In Isolation (2022) Review
In Isolation starts with a man chasing a woman through a forest, at night of course. They fight, she knocks him into a conveniently placed bear trap but stupidly gets close enough for him to grab her. They fight some more, and he gets the upper hand and tells her “You and me are gonna get real close”. Now that’s scary, a guy who can even think about sex, consensual or otherwise, with a bear trap clamped to his ankle. But that’s the kind of logic this film is full of.
The film cuts away to some time earlier. A virus is rapidly spreading through a nearby city, and protesters and looters are making the situation worse. Meanwhile, Jane (Darya Avratinskaya, voiced by Kira Cahill, Torpedo, Waking Up Dead) is alone in her house when a power outage and a nasty fall trigger a flashback to a childhood trauma. But that turns out to be her telling her therapist about it, a flashback within a flashback.
Eventually, her friend Kris (Valeria Lugai), and her boyfriend Will (George Rakito) show up along with Ray (Ilya Ilinykh, Superdeep, The Geographer Drank His Globe Away) a guy she’s been talking too online to celebrate her birthday. This ends with Jane having another flashback and storming off.
Director Alexey Meets (The Folks) and co-writer James Duke presents all of this in as confusing a manner as possible. The fact that In Isolation was dubbed and the characters seem to be speaking lines that were written in Russian and run through Google Translate doesn’t help. Nor do the constant interruptions for talk of the virus being a hoax, the quarantine being a plot to take away everyone’s freedoms, etc. Seriously, didn’t we all get enough of that bullshit in the news the past couple of years?
Eventually, Tony (Vladislav Tsenev) the guy from the electric company is found passed out in the driveway and Ray and Jane are attacked while trying to get him to a hospital. The attackers follow them back to the house and do us the favour of killing Will. At this point, the film turns into a siege/home invasion film. As Ray says, “This reminds me of one of those shitty Bruce Willis movies”, which is the best, and most accurate, line in the film.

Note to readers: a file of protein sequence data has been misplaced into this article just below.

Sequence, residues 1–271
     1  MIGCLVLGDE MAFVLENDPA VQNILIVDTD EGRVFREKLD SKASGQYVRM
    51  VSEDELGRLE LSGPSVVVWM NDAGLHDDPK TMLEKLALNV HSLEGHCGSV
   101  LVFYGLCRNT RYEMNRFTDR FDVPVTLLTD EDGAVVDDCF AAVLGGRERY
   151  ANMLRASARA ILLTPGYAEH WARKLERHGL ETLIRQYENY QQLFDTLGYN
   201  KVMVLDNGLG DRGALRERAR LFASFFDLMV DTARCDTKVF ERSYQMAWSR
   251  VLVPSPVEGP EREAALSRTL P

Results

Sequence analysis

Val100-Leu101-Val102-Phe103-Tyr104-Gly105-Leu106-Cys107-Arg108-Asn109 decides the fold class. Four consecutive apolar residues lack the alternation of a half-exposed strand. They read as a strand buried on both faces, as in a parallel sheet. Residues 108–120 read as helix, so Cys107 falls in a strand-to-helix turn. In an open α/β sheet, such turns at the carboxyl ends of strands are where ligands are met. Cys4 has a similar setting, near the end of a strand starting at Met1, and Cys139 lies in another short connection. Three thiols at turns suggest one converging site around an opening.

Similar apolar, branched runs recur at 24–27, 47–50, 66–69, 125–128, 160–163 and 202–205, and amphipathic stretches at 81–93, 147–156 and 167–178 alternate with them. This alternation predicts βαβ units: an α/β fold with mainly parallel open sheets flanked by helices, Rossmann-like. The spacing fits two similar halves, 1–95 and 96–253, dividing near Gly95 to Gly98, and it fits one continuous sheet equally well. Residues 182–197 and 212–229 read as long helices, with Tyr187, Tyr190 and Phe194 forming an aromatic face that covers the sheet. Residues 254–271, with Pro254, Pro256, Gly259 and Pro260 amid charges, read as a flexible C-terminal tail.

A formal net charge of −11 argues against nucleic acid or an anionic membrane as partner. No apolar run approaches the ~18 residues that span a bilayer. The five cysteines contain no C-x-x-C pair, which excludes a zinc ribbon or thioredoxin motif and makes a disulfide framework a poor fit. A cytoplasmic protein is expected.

Unfortunately, thanks to the prologue we have a pretty good idea of where the film is heading, and getting to that point is largely uninteresting. In Isolation serves up the usual clichés. Kris starts sliding into madness after Will dies, even though he was a total asshole, and they would have escaped if he didn’t insist on running back after his cocaine. Ray and Tony of course develop a rivalry which results in them brawling in the living room and nearly doing the attackers’ work for them. Characters aren’t who they seem, others come back from what appeared to be certain death, etc.
Even when In Isolation tries to pull a twist in the last act, it’s as predictable as everything that came before it and turns the film into a basic crime story that could have played out exactly the same without the whole virus subplot. Why they even bothered with it is beyond me, it just raises expectations the film obviously can’t meet.
It also doesn’t help that none of the characters are interesting in the slightest. Jane isn’t developed beyond her childhood trauma and resulting phobia. And that’s more development than the others get. Ray is pretty much a blank slate, and Kris’ entire reason for being in the movie seems to be to provide it with a nude scene. There’s no real reason to care for any of the characters besides the fact that they’re not the bad guys.
On the plus side, the film does have a reasonable number of fight scenes, some of which are fairly well done. Between them and the previously mentioned shower scene In Isolation isn’t a total loss. But it’s never more than sparodicly interesting. And more often dull and irritating.
VMI International has released In Isolation to Digital and VOD platforms, but this is another Russian import that definitely deserves to be sanctioned. FilmTagger can suggest some better films in the genre to watch.